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Thread: Pictures from October 17, 2015 Advanced Class

          
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    Global Product & Training Spec Michael Stoops's Avatar
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    Pictures from October 17, 2015 Advanced Class

    Our last Advanced Class of 2015!

    After the usual classroom instruction portion we head out to the garage for a hands on demo before lunch.


    The Unigrit Sanding Block for spot repair. The large circle drawn in the water represents the area that would have been sanded had a typical sheet of sand paper been used to correct a small defect.


    After using the block, we now draw a small circle inside the big one - this represents the area that must now be buffed out to remove the sanding marks from the block. Remember, the larger circle represents the area that would have been sanded using traditional sandpaper; the required buff out area would be larger still. Why would you sand and buff such a large area when all you're working on is a tiny little spot?


    Hand sanding technique - hand flat on the sanding pad, closely spaced strokes of 6" - 8" in length.





    The E7200 sanding pads are very flexible; use that to your advantage when working on tight radius contours.


    Here we have a uniformly sanded area inside a contour. The small area at the lower right of the sanded patch is what happens when you use the full sanding pad lengthwise into a contour like this, as it lifts away from the bottom of the contour and doesn't work against the surface at all. Worse, the sand paper actually works more aggressively against the area it does touch, and you end up with very uneven sanding.... and a very uneven finish.


    When hand sanding, do yourself a huge favor and sand just a few strokes at first and quickly check the result. This area of the panel looked pretty flat, but a few quick strokes with the sanding pad revealed some fine contouring that might otherwise have been missed. This then allows you to alter your approach if need be.


    Next we move onto DA sanding.


    Make sure you have the interface pad installed between the backing plate and the abrasive disc. This makes things far safer, and even allows you to work on contours with the palm sander.


    1500 grit on the DA palm sander and the finish is nice and uniform, if totally devoid of gloss.



    We follow with 3000 grit to refine the surface even more, and the gloss actually starts to come back. The folded arms are reflecting in the 3000 grit refined area, but his head disappears into the 1500 grit area. Imagine how much faster and easier it's going to be to buff out the already glossy 3000 grit section!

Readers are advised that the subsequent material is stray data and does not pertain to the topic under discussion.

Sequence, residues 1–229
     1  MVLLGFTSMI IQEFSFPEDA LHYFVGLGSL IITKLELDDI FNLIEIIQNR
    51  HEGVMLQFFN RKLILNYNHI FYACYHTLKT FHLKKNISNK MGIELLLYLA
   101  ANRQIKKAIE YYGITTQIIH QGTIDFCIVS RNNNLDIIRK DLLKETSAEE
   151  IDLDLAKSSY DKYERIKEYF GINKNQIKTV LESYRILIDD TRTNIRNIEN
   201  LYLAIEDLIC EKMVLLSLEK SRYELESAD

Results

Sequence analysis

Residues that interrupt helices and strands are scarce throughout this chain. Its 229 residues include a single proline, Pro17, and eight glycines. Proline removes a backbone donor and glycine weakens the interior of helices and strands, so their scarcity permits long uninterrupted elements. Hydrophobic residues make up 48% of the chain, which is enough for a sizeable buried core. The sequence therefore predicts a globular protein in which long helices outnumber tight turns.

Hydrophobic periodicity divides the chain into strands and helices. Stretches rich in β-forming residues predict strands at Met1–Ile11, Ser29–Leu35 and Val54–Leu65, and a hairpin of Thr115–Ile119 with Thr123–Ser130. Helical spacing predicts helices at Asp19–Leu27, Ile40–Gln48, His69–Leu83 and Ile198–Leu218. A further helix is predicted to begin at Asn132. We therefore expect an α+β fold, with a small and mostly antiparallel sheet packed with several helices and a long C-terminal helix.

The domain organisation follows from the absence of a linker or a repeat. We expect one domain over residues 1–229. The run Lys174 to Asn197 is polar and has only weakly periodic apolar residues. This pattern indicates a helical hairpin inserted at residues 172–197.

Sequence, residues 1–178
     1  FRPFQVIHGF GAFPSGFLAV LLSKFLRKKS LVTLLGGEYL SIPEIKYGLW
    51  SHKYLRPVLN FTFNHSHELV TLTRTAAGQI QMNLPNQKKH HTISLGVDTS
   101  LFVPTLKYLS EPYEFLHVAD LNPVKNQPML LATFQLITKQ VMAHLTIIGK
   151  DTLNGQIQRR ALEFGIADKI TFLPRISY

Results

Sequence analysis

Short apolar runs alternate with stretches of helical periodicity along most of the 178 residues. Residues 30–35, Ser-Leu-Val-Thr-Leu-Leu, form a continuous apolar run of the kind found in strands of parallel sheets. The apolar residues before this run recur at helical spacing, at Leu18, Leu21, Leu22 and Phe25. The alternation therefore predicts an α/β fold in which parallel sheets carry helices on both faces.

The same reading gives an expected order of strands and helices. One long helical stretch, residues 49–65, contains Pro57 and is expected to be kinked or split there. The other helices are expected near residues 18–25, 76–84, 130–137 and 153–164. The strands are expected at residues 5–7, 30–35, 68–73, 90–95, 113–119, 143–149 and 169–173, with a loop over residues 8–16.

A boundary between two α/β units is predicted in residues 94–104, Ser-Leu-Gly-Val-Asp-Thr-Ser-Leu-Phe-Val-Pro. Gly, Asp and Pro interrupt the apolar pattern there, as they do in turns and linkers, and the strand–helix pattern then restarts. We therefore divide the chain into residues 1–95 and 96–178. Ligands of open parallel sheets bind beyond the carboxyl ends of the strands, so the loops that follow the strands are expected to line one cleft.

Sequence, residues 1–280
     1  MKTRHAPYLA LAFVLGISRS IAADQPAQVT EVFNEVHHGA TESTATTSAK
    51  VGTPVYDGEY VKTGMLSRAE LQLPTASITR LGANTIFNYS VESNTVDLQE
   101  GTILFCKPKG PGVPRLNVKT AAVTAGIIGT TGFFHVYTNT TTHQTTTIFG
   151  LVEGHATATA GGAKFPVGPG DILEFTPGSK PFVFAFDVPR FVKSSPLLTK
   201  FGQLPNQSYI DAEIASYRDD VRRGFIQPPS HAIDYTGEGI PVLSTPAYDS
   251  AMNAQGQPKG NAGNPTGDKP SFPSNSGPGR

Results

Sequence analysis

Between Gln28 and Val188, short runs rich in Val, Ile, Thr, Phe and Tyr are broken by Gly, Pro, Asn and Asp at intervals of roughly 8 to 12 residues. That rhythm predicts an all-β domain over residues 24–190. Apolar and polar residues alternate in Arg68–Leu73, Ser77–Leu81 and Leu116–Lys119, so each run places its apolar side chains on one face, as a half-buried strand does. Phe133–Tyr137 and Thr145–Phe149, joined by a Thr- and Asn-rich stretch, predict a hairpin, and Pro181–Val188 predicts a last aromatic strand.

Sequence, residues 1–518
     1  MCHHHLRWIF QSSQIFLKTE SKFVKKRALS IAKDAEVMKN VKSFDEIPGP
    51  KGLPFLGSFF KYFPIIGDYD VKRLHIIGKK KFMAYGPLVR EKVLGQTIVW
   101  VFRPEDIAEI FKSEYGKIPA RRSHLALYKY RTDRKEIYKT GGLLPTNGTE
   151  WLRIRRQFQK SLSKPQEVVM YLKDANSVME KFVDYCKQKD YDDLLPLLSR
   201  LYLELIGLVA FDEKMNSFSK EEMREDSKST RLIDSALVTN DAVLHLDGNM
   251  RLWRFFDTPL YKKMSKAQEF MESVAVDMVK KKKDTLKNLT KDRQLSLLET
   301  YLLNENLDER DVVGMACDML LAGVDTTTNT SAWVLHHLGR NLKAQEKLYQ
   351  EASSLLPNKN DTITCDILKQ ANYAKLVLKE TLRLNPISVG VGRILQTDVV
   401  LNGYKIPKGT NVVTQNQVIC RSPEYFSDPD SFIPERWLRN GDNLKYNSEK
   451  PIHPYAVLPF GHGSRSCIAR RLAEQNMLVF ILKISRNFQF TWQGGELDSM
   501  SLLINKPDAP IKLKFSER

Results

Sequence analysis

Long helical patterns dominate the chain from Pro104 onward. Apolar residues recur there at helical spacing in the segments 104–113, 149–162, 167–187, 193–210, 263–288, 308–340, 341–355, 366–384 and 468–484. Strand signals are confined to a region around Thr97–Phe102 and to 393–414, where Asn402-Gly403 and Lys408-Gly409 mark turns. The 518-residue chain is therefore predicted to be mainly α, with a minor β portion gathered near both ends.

Speaking of buffing out, we lay down a bead of M105 and get ready to compound. We'll eventually follow up with M205 on black or yellow foam, depending on how the finish is coming along.


    After a quick break for lunch, it's time for the guys to get to work.




    This is after hand sanding with 1200 grit, 2000 grit cross cut over the 1200, and finally 3000 grit cut in a third direction. Again, we can begin to see reflections in the surface following refinement with 3000 grit.


    All that white slurry you see is clear coat being leveled out.


    And here's what happens when you don't keep things really clean and flushed out. See those long straight lines that stand out from the background? Those are tracers; deeper cuts caused by a build up of paint residue and/or dislodged abrasive particles being trapped between the sandpaper and paint. These gouge into the paint, creating isolated deeper scratches that can be difficult to buff out.


    Dead center of this shot, cutting at a roughly 30 degree angle through the lights, is one of those tracers that still remains after compounding and polishing. The rest of the surface is darn near perfect, but this deep tracer really stands out.


    Here's another example of sanding marks that weren't quite removed in a multi step sanding process. You can see straight line scratches in multiple directions, meaning we've got marks from different grits, and that just shouldn't be. If the angled cuts are 2000 grit and the vertical cuts are 3000 grit, that tells us that not enough 3000 grit sanding was done to fully remove the previous 2000 grit marks. Compounding shouldn't have started yet since the 3000 grit step wasn't done fully. In fact, that we see two different grit marks here also tells us that compounding isn't finished..... don't even think about polishing yet!!



    After going back with 3000 grit finishing disc on a palm sander and then buffing out, this is the end result. Nice!!!


    With advancements in abrasives technology, DA polisher technology, microfiber pad technology and even compound technology, we can now routinely remove sanding marks with the MT300 very quickly.






    We'll close with a couple portraits of a job well done!!


    Michael Stoops
    Senior Global Product & Training Specialist | Meguiar's Inc.

    Remember, this hobby is supposed to be your therapy, not the reason you need therapy.

  2. #2
    Registered Member Selectchoice's Avatar
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    Re: Pictures from October 17, 2015 Advanced Class

    Looks like a great class with plenty of learning going on!

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